3 blocks to curiosity, and how to avoid them

Today I attended a training for a remarkable audience. A company trained its suppliers on contextual interviews. This is what it learned me about curiosity.


Leaders from the suppliers were invited for a course of two days, during which they learned how to ask questions, how to listen to their customer and show curiosity. The suppliers had the opportunity to conduct an interview with vice presidents, the CTO and even the CEO. The goal of these contextual interviews was to uncover unmet needs.

As I have conducted hundreds of contextual interviews in different regions and in different industries, I was asked to observe and give constructive feedback afterwards. It was a great experience to watch the interviews, and I want to share some of my observations and conclusions.


Curiosity block 1: the presence of the comfort zone

The training was organized by the purchasing department. The people who were invited were persons working in leadership roles in finance, sales and marketing and R&D. Although the training focused on uncovering unmet needs by asking open questions and showing genuine curiosity, the interviewers had a very tough time to escape their comfort zone. Their comfort zone is the customer – supplier relationship.

A comfort zone is a gravity point, it pulls you back. If the comfort zone would not be there, we would be more comfortable with asking questions.

Curiosity block 2: the short-term thinking that the most efficient way to use customer time is to talk about yourself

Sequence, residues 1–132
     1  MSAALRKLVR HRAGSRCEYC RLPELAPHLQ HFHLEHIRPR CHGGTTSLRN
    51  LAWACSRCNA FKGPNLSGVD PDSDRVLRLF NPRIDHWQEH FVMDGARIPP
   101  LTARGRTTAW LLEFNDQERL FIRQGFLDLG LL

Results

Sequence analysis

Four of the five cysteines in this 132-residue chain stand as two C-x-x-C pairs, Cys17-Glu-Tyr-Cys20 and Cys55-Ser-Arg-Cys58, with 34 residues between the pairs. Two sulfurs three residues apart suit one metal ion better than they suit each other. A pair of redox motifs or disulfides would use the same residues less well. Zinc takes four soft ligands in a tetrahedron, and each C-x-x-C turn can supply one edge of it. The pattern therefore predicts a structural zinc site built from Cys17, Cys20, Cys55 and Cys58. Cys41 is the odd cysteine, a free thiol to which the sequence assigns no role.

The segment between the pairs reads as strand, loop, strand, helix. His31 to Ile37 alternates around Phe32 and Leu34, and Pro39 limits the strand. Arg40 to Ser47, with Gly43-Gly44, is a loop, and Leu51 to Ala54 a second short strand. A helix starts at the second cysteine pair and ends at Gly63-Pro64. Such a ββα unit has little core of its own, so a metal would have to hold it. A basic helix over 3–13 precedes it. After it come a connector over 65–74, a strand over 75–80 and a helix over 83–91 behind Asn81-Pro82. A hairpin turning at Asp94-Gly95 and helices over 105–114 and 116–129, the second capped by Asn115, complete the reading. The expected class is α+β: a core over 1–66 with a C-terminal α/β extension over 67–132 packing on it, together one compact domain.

The customer – supplier relationship involves negotiations on price, quality, shipment terms and volumes. Although the interviewers had a tremendous opportunity to ask whatever question possible to the customer, all interviewers lost time by stating what they do, why they are unique and what they excel in. They threw in their sales pitch and started talking about themselves.

We have the idea that every moment with the customer should be used well. Very often we think the most efficient way is to start selling. We think customer time means sales pitch time. Start thinking on the long term. The better you know your customer, the better you are able to adapt your offering to his needs. So put time in understanding the customer and ask questions, instead of talking about yourself.

Curiosity block 3: the fear of putting existing relations at stake by putting the interviewee in a vulnerable position

Another difficulty for the supplier as interviewer, is that asking open questions puts the interviewee in a vulnerable and naked position. The interviewer feels this vulnerability, and fears that this will put the customer – supplier relationship at stake. As defence, the interviewee switched roles very often. He started to ask questions to the interviewer. He did this because he did not feel comfortable with being interviewed.

If you are an interviewer, you have to know that every question from the interviewee is a possibility to switch the roles back. Just answer and end with a question. However, during this training, the interviewer fell back in his role as supplier. He fell back into his role as sales man and started his sales pitch again. And once in the comfort zone, it’s very difficult to get out of it again.

I understand the fear, certainly for a sales manager who needs to manage customer relations. But after each interview, the interviewee stated that the interview felt refreshing. It was a possibility to shed a different light on the needs of the customer.

Practice, practice, practice

So very interesting psychological dynamics going on in this rather weird setting, and it was a pleasure to observe this. What I learned is that it takes practice to make the uncomfortable zone your comfort zone. It requires practice to get out of that comfort zone, to start asking and dare asking. It requires practice to stop talking about yourself. It requires practice to listen actively, and take each input from your interviewee as a new item to hook on a question. Curiosity requires practice.

Credit: Header picture by caribb (Flickr)